OPINION – Success of the climate summit in Warsaw – conclusions after COP19

Credit BBC.co.uk

Credit bbc.co.uk

Here are four reasons why the UN organised 19th Conference of the Parties (COP19) should be remembered as extraordinarily successful despite strained emotions, problems and controversies.

1.       Hosts’ success despite ecologic NGOs anti-Polish actions

Despite several initial difficulties, Poland managed to perform its role as the host of COP19 well. The main concern was the real possibility of hostile actions by ecology-oriented Non-Government Organisations (NGOs), aiming to boycott Poland’s position as host due to its opposition to decarbonisation policies and 90% of its economy being based on coal. Some NGOs came to Warsaw with the aim of confronting and discrediting the host of the summit, regardless of the power and virtue of their arguments. They appeared to forget that harassment and humiliation is not a path to progress. While calling Poland ‘Coaland’ and its government ‘Coalish’ might have brought attention to their position, in reality they only strengthened the Polish position as a strong and reliable government able to act diplomatically and be decisive even in such unfavourable conditions.

2.       Industry get involved

It may be hard to believe, but this summit was the first in the history of COP conferences when industrial lobbies took an active part on an equal footing to other organisations. Until now all the political decisions on CO2 reduction quotas were made without any consultation with industry representatives.

3.       Resolution – all for one, one for all  

One of the aims of the Polish presidency was to encourage all of the member states to participate in the future agreement, so the Paris resolution would have a worldwide and legally binding character. This was a turning point in international eco politics, as it created a real opportunity to make developing countries take an active part in counteracting climate change.

4.       The €25million budget was not wasted

The estimated cost of organizing COP19 was €25million. That is, indeed, a lot, but looking at the ultimate result of the conference, it is undeniable that the budget was well spent. Apart from the obvious economic benefits, the summit has shown that Poland is not only capable of hosting one of the most important international political events, but can also do so with considerable success.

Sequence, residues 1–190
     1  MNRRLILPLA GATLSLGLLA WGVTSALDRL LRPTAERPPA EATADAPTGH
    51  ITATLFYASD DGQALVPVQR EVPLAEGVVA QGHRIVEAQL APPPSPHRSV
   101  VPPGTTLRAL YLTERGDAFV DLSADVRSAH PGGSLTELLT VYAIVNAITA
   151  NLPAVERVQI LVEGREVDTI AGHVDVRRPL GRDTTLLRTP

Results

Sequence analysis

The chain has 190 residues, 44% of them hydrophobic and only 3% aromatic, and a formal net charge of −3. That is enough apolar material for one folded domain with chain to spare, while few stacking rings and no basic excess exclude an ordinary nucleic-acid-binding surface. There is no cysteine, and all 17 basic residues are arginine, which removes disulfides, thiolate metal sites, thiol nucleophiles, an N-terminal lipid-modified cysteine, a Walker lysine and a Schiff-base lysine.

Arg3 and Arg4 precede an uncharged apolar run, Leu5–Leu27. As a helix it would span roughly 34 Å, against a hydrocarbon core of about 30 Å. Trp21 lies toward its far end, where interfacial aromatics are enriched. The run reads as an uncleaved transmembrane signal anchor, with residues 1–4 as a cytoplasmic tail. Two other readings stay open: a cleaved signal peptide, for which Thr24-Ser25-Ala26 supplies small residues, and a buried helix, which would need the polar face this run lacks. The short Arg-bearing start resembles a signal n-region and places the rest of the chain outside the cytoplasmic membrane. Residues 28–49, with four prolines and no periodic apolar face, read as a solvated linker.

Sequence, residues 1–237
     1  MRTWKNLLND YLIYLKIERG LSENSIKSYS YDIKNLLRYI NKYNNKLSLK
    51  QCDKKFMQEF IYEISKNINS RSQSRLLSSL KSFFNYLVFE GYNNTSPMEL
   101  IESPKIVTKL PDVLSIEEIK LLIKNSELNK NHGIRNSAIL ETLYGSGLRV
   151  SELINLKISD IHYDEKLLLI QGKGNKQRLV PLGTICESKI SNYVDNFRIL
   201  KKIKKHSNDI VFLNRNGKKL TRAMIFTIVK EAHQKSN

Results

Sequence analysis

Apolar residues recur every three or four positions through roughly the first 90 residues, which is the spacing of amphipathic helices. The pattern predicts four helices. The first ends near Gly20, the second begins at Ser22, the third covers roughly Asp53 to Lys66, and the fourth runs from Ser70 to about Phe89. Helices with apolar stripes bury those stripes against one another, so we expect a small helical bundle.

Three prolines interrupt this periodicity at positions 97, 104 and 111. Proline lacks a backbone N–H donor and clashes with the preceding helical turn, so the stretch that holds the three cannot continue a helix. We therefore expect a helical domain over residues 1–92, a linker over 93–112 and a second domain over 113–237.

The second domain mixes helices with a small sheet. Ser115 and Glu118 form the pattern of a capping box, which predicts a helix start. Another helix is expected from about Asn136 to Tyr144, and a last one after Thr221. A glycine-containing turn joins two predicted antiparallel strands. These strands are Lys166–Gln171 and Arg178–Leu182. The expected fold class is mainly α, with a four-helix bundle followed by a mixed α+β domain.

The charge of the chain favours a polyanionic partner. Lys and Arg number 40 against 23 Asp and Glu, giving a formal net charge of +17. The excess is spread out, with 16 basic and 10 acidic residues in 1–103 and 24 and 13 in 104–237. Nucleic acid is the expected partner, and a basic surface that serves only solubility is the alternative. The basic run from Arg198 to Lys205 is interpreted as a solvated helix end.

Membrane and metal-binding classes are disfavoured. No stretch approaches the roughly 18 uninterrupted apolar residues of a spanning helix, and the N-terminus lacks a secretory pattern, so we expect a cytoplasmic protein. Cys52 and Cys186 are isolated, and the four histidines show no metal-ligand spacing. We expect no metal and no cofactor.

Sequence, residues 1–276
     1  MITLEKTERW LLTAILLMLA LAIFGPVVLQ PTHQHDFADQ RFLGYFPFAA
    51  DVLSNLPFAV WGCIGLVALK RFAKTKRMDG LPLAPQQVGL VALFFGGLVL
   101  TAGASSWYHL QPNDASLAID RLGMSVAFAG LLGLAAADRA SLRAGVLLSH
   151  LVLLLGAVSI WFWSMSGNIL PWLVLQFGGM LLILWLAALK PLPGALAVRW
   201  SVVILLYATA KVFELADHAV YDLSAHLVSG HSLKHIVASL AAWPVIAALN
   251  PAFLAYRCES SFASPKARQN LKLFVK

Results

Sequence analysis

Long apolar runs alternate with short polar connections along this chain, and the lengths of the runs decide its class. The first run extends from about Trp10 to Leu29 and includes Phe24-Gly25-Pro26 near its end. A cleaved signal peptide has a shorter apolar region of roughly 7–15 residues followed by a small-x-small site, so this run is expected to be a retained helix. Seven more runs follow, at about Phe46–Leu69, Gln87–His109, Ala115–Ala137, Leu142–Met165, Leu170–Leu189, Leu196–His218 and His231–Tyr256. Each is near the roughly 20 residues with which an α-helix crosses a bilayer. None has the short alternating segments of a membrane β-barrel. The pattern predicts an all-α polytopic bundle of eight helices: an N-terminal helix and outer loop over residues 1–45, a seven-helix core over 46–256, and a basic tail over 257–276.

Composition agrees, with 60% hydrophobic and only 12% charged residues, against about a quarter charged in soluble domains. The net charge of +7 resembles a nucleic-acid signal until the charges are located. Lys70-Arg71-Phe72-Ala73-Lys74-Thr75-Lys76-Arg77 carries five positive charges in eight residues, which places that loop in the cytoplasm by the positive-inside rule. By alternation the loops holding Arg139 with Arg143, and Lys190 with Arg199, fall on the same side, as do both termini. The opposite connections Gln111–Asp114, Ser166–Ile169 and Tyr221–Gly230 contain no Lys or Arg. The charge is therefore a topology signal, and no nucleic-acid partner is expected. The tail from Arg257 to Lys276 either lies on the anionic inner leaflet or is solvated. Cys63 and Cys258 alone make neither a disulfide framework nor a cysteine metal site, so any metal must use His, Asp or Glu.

Katarzyna Sowa

Conference of the parties of the United Nations in Warsaw

Credit COP19.gov.pl

Credit COP19.gov.pl

THE COP19 Conference is the 19th Conference of the parties of the United Nations Framework Convention on Climate Change (UNFCCC), held together with the 9th session of the Meeting of the parties to the Kyoto Protocol.

The conference is supposed to implement resolutions of the Convention by member states, as well as improve already proposed solutions regarding the emission of greenhouse gases. One of the proposed measures (and the only legally binding one) was the Kyoto Protocols, signed in 1997.

The 19th Conference takes place in the National Stadium in Warsaw from 11th to 22nd of November. During that time organisers expect to host about 12,000 delegates from 194 countries, including ministers of the environment, UN, NGOs and lobby groups representatives.

The main aim is to get together and marshal common standards and solutions for all the member states. The Warsaw Summit delegates are to work out the basis for a new worldwide agreement on the reduction of greenhouse gases – it is essential to state the preferred form of the future document, its duration and conditions for ratification (in short, all the steps that need to be taken before the Paris Summit in 2015).

The Polish Summit is the first of three conferences on the way to reach the agreement in terms of the reduction of greenhouse gases worldwide. In the same time Poland will hold the presidency as a part of the Climate Conference until the next summit in Peru, COP20 in 2014.

As climate change affects the whole world, it is a challenge for all countries to reach the agreement and take actions to counteract its further development into extreme climate phenomena like prolonged droughts or tornadoes. These problems endanger socio-economic development all over the world, which is why countries cannot be passive in taking action and procrastinate.

It is in their own best interest to effectively counteract climate change and work out appropriate solutions for all the member states, not only developed ones (as it was in Kyoto, 1997). The requirements need to be therefore proportional to the country’s capabilities and financial resources, ensuring the balance in action.

It is worth mentioning, that the EU is responsible for about 11% of the whole emission and has began decreasing it’s output successfully. However, even if all of the European countries reduced their emission quotas t ao minimum, the global climate changes would go on.  In order for any substantial progress to be achieved, a worldwide agreement is essential.

Katarzyna Sowa